At the Atlas Performing Art Center’s four-year-old Intersections Festival, named to reflect that Northeast neighborhood’s role as a cultural crossroads, organizers want audiences to hang around after the show, sip a glass of wine in the lobby and sink into conversation.
When designing the festival, “we put a stage at the intersection of two wings of the lobby,” said Mary Hall Surface, artistic director. “It became a literal meeting place. People were coming out of an opera performance and going into a hip-hop, spoken-word collaboration. And everybody stopped and talked and listened and had a drink. People didn’t want to leave.”
At Intersections, Surface said, “everybody is invited to the table. Everyone’s voice is important and is heard. We work hard on making sure there is something rich to share. That is a key to the festival — that people stay, participate in a post-show [discussion], meet artists in the lobby. It is designed to be more than the ‘come-and-consume’ art. It’s ‘come and really partake and engage and exchange and connect and linger.’ ”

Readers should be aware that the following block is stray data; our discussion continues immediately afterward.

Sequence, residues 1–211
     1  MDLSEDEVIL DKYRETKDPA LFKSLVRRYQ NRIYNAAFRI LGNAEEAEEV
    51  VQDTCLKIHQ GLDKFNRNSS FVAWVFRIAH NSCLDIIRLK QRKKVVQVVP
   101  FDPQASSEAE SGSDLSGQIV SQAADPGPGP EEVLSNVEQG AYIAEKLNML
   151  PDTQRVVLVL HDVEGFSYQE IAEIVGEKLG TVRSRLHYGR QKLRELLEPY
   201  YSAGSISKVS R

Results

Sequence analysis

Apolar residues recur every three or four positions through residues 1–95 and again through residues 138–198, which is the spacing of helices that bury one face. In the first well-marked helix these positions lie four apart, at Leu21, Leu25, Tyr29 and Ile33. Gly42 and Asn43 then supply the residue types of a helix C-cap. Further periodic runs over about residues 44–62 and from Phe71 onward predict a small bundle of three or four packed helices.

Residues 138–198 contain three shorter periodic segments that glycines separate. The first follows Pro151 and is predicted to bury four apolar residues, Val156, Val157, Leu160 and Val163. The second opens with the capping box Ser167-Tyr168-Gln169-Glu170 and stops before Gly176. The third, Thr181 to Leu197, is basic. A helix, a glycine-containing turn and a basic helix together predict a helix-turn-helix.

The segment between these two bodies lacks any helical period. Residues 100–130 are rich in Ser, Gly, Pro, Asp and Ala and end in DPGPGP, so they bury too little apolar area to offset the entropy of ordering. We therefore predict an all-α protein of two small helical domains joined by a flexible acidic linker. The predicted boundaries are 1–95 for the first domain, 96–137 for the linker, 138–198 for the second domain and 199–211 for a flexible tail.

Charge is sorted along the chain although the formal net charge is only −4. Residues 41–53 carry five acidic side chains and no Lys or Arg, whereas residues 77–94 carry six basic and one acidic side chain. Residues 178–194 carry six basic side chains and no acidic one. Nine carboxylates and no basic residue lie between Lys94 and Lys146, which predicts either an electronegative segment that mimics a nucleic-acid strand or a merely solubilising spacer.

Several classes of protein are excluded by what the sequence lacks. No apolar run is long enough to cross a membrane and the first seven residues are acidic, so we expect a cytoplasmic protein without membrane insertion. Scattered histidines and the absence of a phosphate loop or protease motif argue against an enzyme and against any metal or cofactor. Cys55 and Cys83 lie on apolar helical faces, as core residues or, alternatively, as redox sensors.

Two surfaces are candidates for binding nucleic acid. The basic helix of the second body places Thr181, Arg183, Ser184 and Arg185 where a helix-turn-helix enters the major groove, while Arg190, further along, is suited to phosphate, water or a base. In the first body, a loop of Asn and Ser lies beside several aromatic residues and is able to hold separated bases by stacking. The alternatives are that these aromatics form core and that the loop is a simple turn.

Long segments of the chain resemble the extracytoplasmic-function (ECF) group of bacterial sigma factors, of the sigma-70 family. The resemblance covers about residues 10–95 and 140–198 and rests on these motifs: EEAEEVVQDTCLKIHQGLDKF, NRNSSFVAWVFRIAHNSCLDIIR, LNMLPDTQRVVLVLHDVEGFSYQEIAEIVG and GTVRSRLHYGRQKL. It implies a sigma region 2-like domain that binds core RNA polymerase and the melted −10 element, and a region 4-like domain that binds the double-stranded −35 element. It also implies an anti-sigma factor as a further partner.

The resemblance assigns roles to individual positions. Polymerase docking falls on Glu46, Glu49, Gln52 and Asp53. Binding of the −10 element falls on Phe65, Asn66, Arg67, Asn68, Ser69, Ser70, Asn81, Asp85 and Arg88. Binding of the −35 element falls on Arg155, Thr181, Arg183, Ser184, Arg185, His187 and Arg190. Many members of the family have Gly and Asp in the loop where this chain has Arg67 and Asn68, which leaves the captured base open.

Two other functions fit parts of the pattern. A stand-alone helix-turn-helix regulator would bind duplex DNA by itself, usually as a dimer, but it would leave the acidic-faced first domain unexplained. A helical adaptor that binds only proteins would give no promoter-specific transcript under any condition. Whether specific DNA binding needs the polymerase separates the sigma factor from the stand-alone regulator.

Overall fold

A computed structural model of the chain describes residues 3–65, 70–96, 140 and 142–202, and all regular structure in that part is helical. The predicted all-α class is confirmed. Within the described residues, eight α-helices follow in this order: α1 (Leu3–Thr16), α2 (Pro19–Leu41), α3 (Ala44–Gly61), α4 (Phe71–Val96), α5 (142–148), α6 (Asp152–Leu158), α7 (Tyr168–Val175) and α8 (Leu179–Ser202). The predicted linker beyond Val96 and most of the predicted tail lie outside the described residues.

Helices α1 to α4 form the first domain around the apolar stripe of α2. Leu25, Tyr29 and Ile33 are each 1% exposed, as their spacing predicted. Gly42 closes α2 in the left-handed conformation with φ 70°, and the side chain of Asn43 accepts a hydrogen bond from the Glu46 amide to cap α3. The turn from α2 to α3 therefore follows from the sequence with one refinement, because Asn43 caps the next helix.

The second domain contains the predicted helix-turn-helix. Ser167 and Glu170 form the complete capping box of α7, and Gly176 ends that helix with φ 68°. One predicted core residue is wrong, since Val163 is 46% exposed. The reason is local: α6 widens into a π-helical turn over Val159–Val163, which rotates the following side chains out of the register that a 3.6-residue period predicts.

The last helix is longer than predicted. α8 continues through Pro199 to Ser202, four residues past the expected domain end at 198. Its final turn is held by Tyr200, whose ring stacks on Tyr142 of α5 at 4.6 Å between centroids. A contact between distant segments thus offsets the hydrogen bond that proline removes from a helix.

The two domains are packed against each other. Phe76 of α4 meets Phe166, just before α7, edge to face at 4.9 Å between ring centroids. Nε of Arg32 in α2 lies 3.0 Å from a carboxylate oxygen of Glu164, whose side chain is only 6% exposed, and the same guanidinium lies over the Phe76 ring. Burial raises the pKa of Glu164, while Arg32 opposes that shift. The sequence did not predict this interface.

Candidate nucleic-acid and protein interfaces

This year, the festival will spotlight more than 800 established and emerging artists in 100 performances of music, dance, theater and spoken word over three weekends, from Feb. 23 to March 10. The shows are scheduled so that audience members can see more than one a day.
Attendance has doubled since 6,000 people attended the festival in its first year.
“Clearly, it is answering a need of both artists and audiences looking for a place to come and truly connect with one another,” Surface said. “And it’s fun. It’s not just fun as in you go out and see a show and have a drink. It’s fun in the sense that they leave with new understandings.”
Artistic events that look at social issues can feel “good for you, but not necessarily be fun,” Surface said. But, she said, Intersections is spirited.
“People truly enjoy themselves in unexpected ways by talking to people they might not have talked to or hearing music they might not have heard by stepping across boundaries. It can be remarkably fun to step across a boundary and discover something new about yourself, somebody else and art.”
This year’s offerings include “Sing Down the Moon: Appalachian Wonder Tales,” written by Surface and David Maddox. The play opened in 2000 at Theater of the First Amendment, the professional theater based at George Mason University.
The family-friendly play looks into the importance of story in people’s lives. “All the stories in ‘Sing Down the Moon,’ are adventures where a young person has to discover who they want to be in the world,” Surface said. “While the stories are told through a particular lens, an Appalachian perspective, they are stories that exist in all cultures and cross boundaries of culture.”